Q:  How do you relate to the dads in the series?

Anthony Anderson:    I relate to all of them. One, because it’s a slice of life, you know. I have friends who are recently divorced. I have friends who are stay-at-home dads. I have friends who are happily married and raising their family with their wives.  So, you know, I see a bit of my world in the world that we’re creating on television. And we can all pick and choose from that. And that’s about how it goes for me.

Q:  Can you quickly tell us about your son Nathan and daughter Kyra? How old are they and what do they do for fun?

Anthony Anderson:    My daughter Kyra is 16 years old, junior in high school now, who started today, plays volleyball, has a boyfriend, that I have to deal with now as a father. Never thought those days would happen, who happens to be the quarterback of the football team…

Charlie Grandy:          Uh oh…

Anthony Anderson:    My daughter happens to be one of the stars of the volleyball team, so, you know, it’s kind of, you know, cool, that, you know, they both are athletic, and, you know, almost the stars of their team. And my son is 12 years old and when I tell you the apple doesn’t fall far from the tree, truer words have never been spoken. I just took him on an audition yesterday, you know. Four or five years ago, he pointed to my wife and said, “Mom, I want to be an actor.” And he’s actually pretty good at it, you know. He’s been studying for it since then for the last four years and, you know, is really enjoying going out on auditions. And, you know, he’s come close on a few things, and one day he’ll get a job. We had a long talk the other day about, you know what, son, you can’t what you want this soon. You just have to work for it. And eventually the chips will fall in your favor.

Q:  What do you like most about fatherhood? Do you have any special fatherhood memories to share?

Anthony Anderson:    You know what, both are pretty simple. Both of my children, being there, and that being the crowning achievement in my life, and it actually mad me feel invincible. And it makes me feel that I can live forever now. And secondly with my son, you know, I do stand-up comedy. I host a monthly comedy show in New York. And going back to the story where I told you my – four years ago my son told my wife that, you know, he wanted to be an actor, and that he also wanted to tell jokes, I invited him to New York on Father’s Day weekend to come into my room, the (Gotham) Comedy Club and perform at eight years old.  And he got up and there was no fear, no trepidation, and he was funny. And that was the most memorable thing that I have to date as a father with my son, watching him on stage, alone, tell your mama jokes on Father’s Day, and having the audience respond favorably to him.  So that is the most memorable that I can think of right now, outside of watching them come into this world.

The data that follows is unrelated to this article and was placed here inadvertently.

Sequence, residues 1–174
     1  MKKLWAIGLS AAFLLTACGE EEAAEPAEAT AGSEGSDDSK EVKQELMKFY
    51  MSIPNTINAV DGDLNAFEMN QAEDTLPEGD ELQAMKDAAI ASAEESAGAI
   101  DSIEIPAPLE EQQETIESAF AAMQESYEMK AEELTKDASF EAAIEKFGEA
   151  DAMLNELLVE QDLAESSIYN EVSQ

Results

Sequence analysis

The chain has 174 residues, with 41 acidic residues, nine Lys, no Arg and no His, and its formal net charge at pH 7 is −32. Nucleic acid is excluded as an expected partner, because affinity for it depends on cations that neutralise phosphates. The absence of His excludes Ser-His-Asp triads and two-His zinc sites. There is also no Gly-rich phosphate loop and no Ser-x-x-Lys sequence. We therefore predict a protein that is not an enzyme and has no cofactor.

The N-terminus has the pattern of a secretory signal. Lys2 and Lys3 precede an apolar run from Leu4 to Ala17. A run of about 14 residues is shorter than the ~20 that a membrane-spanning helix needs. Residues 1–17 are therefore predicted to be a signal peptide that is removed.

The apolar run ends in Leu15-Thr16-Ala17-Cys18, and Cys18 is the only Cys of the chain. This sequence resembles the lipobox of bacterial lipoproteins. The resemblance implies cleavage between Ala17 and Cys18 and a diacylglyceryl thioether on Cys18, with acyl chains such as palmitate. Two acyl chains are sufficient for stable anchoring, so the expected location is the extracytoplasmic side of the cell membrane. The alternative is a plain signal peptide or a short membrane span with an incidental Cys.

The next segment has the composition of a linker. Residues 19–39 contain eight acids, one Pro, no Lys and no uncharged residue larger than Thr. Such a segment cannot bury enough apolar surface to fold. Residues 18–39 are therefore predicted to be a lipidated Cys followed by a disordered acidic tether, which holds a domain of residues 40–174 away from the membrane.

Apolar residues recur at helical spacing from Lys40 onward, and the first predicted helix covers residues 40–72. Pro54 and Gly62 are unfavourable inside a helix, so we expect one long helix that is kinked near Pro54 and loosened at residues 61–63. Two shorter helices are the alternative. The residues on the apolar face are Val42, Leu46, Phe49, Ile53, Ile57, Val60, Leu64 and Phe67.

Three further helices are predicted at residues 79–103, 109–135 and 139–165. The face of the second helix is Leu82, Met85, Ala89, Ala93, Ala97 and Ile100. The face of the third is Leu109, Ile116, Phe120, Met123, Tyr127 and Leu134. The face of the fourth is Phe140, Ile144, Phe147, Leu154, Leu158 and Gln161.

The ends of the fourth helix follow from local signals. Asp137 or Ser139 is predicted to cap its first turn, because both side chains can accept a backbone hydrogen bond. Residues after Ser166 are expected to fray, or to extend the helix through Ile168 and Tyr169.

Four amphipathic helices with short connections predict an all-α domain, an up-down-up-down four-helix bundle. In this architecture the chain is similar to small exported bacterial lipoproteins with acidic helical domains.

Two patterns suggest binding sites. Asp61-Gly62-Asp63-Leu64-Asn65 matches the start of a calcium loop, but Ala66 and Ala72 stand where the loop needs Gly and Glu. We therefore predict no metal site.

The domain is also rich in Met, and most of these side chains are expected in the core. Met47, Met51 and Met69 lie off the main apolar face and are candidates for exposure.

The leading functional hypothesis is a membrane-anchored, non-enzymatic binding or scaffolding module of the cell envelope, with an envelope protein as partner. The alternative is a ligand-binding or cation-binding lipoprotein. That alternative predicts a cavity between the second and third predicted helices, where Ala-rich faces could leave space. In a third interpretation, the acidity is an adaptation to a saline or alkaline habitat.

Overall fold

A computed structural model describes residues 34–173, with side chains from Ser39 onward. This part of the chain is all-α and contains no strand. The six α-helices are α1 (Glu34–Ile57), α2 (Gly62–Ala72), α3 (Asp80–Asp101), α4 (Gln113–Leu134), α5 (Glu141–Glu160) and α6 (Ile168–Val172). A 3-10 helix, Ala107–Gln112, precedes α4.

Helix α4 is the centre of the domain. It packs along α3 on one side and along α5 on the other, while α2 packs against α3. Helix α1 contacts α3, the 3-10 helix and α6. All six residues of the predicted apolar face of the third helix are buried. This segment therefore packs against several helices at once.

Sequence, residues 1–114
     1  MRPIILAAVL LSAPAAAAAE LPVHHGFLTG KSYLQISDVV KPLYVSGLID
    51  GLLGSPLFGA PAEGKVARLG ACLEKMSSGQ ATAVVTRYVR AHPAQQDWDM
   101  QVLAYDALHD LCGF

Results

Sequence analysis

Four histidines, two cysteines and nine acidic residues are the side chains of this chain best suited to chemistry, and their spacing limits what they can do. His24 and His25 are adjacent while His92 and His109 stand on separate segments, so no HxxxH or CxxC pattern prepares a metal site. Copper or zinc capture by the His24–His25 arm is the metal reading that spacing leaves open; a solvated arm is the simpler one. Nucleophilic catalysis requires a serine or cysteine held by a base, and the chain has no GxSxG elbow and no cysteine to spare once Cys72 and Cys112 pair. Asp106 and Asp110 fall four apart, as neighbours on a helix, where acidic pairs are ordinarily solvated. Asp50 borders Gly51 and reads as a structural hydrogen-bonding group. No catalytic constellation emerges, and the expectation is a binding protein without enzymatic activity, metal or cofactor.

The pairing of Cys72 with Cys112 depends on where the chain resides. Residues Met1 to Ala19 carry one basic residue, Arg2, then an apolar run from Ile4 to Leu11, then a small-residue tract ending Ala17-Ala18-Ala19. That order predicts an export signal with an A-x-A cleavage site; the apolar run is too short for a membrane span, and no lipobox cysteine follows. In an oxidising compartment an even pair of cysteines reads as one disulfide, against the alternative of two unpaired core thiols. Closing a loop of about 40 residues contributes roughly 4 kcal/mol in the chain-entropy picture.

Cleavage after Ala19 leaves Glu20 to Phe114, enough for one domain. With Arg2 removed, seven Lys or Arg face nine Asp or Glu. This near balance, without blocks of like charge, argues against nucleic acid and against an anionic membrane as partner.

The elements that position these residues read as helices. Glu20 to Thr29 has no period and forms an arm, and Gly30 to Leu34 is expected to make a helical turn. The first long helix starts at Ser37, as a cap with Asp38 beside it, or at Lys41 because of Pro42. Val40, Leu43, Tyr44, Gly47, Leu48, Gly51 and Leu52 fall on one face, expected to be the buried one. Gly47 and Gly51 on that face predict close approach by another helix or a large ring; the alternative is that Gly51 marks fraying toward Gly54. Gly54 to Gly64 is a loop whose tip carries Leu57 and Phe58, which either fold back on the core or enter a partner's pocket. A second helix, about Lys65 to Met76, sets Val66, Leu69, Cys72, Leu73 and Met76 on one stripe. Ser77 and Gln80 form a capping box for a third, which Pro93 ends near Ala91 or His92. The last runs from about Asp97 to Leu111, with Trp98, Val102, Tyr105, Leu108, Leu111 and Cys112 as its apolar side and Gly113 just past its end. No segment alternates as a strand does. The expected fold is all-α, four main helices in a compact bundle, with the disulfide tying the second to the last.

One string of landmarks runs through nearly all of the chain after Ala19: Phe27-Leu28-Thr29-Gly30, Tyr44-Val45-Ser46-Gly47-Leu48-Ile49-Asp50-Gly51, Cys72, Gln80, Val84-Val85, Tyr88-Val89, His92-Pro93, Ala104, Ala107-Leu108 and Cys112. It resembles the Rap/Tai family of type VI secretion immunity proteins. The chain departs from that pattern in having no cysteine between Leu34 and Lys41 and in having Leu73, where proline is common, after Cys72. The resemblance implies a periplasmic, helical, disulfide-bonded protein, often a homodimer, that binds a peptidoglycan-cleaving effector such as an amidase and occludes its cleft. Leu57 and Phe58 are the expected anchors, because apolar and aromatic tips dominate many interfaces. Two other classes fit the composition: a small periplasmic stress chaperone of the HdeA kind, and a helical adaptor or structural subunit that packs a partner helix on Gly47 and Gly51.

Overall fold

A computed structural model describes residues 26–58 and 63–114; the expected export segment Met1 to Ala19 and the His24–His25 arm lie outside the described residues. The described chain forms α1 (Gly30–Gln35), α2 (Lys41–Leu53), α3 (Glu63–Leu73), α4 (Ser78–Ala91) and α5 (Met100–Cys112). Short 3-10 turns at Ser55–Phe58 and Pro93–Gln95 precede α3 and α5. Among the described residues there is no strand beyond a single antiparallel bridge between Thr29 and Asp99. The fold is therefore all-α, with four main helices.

Q:  Anthony, you are married to your college sweetheart. That’s so inspiring. What are some of the things she does to help support you with a demanding career?

Anthony Anderson:    Oh, wow, everything, from – I’ll go back to the beginning — for letting me use her car to go to my first audition.  And me coming home from that first audition and running into the back of the school bus and totaling the car on the 91 Freeway. So, that’s how it all begins. She’s always been a constant pillar for me, you know. And, you know, I put this on my wife for my character of Gary. My wife is a homemaker who decided to give up her career working in the electronic publicity department at NBC for ten years and to sit at home and raise the children and to support me because I’m constantly on the go.  And that’s what she does. You know, what she does as a stay-at-home mom, just like all the other stay-at-home mom and dads across the country is invaluable and unquantifiable. And, you know, I applaud her for putting her career and her life on hold to help out with our life.  It’s an ultimate – sometimes it’s an ultimate sacrifice, you know, that these stay-at-home mothers and fathers do.